We get lots of questions from folks who don’t understand how GoodRx works. Over the next few months, we’ll provide a few short examples from Americans who have used GoodRx to understand and control their healthcare costs.
Imagine if your family’s prescriptions cost almost $1,000 per month. All out of your pocket.
Jason, a father from Jackson, New Jersey, found himself in exactly that position. He has a steady job as an insurance claims investigator, but his company doesn’t provide health insurance. In the past, his wife’s career as a teacher provided the family’s insurance coverage.
With a preschool-aged daughter and the new addition of twins this past December, it became much more difficult for both parents to return to work. They tried a number of different solutions, but ultimately decided that Jason’s wife would stay home with the kids, and they’d make it work somehow.
When Jason’s wife resigned in August, she was immediately dropped by her insurance, and new insurance plans wouldn’t start coverage until October 1. That meant one month of paying out of pocket for all prescriptions and medical expenses, and hoping it didn’t push them over their budget right away.
This isn’t the first time they’ve been uninsured. After the birth of their first daughter, at the height of the 2008 recession, Jason’s wife was unable to find a new teaching job for 18 months. Knowing what lay ahead, Jason spent time investigating the available health care plans and other ways to save.
Jason came across GoodRx while looking for ways to reduce their health care costs. Unsure of how GoodRx’s discounted prices worked, he called several pharmacies and was relieved to hear that they were all familiar with GoodRx.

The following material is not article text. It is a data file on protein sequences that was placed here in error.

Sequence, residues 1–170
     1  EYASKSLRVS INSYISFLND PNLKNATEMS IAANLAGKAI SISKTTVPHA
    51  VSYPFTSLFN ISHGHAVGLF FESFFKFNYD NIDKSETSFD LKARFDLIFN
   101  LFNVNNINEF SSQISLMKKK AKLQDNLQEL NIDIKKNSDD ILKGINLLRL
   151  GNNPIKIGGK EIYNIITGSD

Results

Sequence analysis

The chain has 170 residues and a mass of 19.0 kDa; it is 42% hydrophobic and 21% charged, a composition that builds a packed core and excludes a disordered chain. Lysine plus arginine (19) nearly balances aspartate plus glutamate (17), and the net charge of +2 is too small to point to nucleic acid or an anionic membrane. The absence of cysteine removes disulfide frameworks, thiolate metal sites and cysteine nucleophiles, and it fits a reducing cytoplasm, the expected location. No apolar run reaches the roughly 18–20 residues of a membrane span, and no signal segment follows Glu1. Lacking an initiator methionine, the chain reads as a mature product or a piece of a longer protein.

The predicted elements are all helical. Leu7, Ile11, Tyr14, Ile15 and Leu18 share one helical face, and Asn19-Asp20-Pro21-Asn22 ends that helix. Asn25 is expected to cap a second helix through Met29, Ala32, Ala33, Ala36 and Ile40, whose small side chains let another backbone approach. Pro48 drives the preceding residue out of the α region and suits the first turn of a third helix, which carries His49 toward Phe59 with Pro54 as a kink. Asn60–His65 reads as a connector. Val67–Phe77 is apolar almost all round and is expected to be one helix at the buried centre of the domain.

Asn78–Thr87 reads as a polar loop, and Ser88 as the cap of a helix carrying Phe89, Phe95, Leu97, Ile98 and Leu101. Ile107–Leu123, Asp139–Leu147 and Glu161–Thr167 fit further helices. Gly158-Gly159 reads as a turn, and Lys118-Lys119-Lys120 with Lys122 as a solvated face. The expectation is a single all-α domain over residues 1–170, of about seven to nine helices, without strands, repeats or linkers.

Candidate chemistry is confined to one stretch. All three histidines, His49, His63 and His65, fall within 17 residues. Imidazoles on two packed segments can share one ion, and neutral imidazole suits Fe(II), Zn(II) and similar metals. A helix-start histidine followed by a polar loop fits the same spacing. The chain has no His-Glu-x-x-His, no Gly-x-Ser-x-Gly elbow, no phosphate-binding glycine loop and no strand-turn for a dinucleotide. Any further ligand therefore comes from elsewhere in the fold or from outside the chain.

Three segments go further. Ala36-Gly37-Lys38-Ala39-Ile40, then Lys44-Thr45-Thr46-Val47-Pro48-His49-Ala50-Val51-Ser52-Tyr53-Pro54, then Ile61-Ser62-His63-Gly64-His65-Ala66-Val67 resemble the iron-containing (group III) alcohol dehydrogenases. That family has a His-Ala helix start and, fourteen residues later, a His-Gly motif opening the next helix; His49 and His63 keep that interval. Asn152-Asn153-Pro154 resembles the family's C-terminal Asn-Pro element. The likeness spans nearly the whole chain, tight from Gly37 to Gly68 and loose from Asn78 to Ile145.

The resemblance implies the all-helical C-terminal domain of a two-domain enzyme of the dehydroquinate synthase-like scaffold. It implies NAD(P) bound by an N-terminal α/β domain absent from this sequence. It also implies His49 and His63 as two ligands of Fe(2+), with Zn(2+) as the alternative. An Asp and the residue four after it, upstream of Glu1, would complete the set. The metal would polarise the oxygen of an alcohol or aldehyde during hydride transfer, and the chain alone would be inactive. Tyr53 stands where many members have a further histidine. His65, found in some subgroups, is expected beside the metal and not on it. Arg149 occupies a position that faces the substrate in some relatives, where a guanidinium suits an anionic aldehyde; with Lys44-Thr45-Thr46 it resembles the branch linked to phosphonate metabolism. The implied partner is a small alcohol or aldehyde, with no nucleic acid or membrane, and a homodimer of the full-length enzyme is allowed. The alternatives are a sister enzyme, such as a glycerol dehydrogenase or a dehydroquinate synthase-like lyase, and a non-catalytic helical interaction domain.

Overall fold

He printed coupons for a couple of medications and took them to CVS, where they confirmed they would accept the discounts as soon as he transferred his prescriptions.
At his old pharmacy, Jason was quoted $196 for 90 tablets of Adderall (amphetamine salt combo) and $200 for 60 tablets of Wellbutrin XL (bupropion XL). At CVS with a GoodRx coupon, he paid $59.95 for the Adderall and $118.55 for the Wellbutrin. Total saved at CVS? Over $218.
After his success at CVS, Jason also transferred some prescriptions to Target for more savings.
Jason was also quoted $125 at his old pharmacy for 60 tablets of Lexapro (escitalopram), $30 for 30 tablets of Ativan (lorazepam), and a shocking $387 for 30 tablets of Lunesta (eszopiclone). At Target with a coupon, it was only $24.85 for the Lexapro, $5.61 for the Ativan, and only $34.85 for the Lunesta. That’s more than $475 saved.
For one month of prescriptions, Jason reduced his costs from $938 to $243. If he continued to be uninsured, that would be a savings of around $8,340 a year. Thankfully, this month, Jason and his family will have insurance again. Even so, Jason expects to continue getting a lower price using a coupon on some high co-pay prescriptions like Lunesta.